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Nurse Shark

Ginglymostoma cirratum

Distinguishing Characteristics

Illustration of a nurse shark showing important characteristics
  • Very blunt mouth with nasal barbels on each side
  • Eyes very small
  • Brown to yellow-brown above, lighter below (juveniles often have black spots)
  • Broadly rounded dorsal and anal fins
  • First and second dorsal fins are similar in size
  • First dorsal fin begins well behind pectoral fins
  • No distinct lower lobe of caudal fin
  • No interdorsal ridge

Similar Species: Lemon shark, N. brevirostris (lacks nasal barbels) 


Maximum size about 9 feet. Matures at approximately 6 feet and is estimated to live 24+ years.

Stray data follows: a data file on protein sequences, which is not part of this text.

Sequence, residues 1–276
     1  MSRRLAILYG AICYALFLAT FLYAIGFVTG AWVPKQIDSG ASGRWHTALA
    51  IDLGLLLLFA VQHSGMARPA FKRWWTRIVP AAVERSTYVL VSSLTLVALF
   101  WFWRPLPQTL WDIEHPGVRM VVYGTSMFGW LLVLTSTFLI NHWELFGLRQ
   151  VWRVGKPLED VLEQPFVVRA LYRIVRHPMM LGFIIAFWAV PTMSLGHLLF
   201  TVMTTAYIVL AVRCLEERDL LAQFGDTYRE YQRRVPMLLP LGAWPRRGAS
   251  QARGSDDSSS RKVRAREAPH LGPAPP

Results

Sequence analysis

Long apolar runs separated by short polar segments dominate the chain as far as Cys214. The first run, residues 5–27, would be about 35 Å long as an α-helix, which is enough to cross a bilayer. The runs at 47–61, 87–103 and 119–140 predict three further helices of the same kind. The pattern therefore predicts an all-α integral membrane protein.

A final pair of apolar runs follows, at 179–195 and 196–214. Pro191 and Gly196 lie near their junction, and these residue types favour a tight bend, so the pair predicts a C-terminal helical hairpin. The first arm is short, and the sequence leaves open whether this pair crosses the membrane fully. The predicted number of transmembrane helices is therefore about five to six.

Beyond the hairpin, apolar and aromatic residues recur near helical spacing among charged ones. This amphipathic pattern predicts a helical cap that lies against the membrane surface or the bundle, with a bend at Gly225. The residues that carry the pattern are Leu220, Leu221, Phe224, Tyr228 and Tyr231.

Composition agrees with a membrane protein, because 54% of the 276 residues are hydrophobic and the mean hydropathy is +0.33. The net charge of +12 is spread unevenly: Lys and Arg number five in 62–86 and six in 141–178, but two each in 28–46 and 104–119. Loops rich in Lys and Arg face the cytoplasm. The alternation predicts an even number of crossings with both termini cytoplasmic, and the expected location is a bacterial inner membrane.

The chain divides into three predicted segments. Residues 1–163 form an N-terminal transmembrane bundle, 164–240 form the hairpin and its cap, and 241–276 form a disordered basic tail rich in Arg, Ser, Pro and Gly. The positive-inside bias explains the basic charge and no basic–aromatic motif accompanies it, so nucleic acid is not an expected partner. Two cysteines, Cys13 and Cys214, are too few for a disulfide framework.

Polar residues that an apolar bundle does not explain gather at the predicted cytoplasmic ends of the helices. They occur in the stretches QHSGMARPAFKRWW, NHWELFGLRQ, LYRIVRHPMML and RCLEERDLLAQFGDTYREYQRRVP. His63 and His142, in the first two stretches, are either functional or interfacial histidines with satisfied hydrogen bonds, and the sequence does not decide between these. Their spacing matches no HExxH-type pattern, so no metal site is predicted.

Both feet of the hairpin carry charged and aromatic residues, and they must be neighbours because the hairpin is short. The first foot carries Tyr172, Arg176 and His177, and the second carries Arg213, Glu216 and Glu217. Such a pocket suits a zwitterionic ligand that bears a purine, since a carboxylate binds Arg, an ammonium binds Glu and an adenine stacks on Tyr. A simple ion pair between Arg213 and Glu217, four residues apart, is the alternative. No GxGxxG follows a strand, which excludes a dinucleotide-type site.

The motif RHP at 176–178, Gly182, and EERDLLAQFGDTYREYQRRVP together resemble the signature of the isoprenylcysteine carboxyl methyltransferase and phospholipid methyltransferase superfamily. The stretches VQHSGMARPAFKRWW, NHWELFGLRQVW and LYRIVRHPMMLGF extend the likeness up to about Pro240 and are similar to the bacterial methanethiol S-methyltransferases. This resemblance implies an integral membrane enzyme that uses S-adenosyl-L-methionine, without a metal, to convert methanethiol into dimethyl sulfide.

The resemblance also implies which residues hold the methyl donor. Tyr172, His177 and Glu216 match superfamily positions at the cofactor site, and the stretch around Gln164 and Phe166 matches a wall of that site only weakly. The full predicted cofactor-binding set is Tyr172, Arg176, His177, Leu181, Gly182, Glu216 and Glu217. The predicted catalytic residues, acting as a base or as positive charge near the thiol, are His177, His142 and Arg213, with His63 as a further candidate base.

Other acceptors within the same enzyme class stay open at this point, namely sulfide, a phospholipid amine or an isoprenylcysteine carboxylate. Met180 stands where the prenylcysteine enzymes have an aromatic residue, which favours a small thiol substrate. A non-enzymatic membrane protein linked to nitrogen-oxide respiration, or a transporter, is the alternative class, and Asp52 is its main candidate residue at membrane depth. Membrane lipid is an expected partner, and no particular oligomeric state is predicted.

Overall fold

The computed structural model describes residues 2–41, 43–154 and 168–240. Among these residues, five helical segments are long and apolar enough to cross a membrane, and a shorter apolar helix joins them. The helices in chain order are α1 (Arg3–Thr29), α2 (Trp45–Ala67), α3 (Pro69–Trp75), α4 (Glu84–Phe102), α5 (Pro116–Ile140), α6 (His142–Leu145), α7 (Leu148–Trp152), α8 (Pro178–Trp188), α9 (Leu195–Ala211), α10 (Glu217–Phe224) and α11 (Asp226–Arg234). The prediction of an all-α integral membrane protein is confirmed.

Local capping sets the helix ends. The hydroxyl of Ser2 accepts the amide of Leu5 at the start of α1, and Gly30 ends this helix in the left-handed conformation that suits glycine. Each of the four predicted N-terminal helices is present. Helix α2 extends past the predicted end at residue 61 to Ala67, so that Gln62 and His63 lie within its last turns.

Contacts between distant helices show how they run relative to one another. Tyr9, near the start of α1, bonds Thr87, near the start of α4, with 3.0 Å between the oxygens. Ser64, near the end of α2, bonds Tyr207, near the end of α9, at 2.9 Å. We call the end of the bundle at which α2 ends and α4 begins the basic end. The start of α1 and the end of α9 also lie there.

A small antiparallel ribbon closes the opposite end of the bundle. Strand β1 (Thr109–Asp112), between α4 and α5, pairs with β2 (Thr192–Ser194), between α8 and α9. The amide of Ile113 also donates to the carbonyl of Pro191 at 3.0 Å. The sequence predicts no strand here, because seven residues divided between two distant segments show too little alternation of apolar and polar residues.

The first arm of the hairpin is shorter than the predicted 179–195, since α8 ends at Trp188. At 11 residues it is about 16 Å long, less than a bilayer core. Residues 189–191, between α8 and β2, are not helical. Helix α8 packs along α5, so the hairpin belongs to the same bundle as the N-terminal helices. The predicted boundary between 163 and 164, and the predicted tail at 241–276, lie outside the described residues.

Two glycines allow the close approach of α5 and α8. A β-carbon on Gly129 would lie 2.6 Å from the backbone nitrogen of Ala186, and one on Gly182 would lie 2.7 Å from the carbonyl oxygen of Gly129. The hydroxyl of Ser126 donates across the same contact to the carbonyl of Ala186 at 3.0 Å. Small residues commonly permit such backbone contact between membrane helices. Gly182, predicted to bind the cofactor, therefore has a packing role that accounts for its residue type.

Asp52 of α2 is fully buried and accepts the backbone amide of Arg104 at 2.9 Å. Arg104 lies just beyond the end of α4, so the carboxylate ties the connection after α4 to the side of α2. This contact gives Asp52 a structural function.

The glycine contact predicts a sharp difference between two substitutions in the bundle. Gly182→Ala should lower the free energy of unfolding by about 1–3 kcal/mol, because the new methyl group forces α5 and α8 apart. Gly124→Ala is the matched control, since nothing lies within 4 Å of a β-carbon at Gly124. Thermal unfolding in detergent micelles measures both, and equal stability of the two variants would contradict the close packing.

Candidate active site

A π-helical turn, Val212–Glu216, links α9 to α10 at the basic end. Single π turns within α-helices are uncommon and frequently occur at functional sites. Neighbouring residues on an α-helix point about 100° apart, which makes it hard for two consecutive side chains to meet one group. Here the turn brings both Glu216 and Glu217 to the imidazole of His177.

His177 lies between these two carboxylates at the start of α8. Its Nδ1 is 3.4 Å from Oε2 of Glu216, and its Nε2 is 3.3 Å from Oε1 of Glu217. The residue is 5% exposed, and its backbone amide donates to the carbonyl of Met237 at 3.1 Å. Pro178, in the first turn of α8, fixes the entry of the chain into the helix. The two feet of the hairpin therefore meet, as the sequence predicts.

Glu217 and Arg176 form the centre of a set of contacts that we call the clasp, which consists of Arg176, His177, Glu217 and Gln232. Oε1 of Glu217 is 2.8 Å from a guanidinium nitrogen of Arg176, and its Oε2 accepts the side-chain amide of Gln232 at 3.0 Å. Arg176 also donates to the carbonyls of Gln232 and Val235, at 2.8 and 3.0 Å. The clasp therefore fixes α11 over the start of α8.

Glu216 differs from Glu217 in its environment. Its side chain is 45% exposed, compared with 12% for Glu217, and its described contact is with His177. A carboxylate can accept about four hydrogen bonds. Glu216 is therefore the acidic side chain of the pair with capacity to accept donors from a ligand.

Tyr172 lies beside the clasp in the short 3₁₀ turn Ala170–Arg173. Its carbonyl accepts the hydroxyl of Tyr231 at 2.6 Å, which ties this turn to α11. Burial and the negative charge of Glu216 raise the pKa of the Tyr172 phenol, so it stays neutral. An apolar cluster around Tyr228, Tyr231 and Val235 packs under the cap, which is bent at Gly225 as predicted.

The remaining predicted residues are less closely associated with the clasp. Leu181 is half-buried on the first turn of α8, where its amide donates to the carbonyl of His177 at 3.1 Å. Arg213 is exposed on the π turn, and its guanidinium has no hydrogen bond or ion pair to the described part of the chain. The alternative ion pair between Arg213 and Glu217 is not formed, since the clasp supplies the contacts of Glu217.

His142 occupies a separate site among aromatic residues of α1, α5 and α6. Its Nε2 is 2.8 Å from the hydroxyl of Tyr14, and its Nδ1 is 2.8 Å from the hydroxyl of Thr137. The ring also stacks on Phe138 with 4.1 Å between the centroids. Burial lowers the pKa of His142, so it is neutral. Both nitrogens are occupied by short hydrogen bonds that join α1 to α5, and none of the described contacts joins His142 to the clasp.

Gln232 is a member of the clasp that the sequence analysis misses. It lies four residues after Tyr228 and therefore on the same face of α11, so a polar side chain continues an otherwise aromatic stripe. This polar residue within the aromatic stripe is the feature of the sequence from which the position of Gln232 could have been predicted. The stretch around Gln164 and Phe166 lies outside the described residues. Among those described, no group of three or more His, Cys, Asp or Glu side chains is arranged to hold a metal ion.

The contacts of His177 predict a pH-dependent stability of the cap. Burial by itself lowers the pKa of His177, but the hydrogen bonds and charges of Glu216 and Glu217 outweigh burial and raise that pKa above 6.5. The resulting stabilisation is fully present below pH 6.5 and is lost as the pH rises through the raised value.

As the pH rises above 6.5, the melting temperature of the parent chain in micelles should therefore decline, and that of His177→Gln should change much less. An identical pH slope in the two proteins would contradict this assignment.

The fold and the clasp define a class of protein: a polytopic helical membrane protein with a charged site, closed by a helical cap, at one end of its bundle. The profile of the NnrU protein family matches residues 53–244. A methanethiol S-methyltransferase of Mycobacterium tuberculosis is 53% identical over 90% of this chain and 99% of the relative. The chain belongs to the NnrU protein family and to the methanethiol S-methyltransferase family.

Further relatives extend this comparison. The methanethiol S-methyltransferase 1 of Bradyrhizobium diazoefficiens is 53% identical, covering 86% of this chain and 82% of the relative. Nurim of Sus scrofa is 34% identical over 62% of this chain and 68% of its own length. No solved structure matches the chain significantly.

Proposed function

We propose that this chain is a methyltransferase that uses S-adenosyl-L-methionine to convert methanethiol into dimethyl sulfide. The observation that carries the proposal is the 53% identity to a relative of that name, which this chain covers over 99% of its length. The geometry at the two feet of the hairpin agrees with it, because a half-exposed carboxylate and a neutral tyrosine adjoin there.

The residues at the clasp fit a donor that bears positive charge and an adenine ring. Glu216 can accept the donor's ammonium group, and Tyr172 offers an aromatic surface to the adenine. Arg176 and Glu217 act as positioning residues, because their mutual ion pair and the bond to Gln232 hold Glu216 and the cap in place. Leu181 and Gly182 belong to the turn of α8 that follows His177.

An abundant, coastal, tropical and subtropical shark that inhabits nearshore waters of both the Gulf and Atlantic coasts of Florida. Often seen lying motionless on the bottom. Preferred habitats are coral reefs, rocks, and mangrove islands.


Feeds mainly on bottom invertebrates such as spiny lobsters, shrimps, crabs, sea urchins, squid, octopi, and marine mollusks; also feeds on some fish species, especially grunts.


Mating occurs in aggregations during the summer and after a short gestation period of 6 months females give birth to live young. Broods contain 20-50 pups. Size at birth about 1 foot. Juveniles utilize shallow coral reefs, rocky areas, grass flats, and mangrove islands as nursery habitat.

Additional Information

Valued in the Caribbean for its high-quality hide, but is considered a nuisance species in most North American longline fisheries with fins and meat of little value. Does well in captivity and has been used in many physiological and immunological studies. This sluggish bottom-dwelling shark has been involved in only a few bites on humans, most of which were provoked.

Recreational Regulations


Image Credit: © Diane Rome Peebles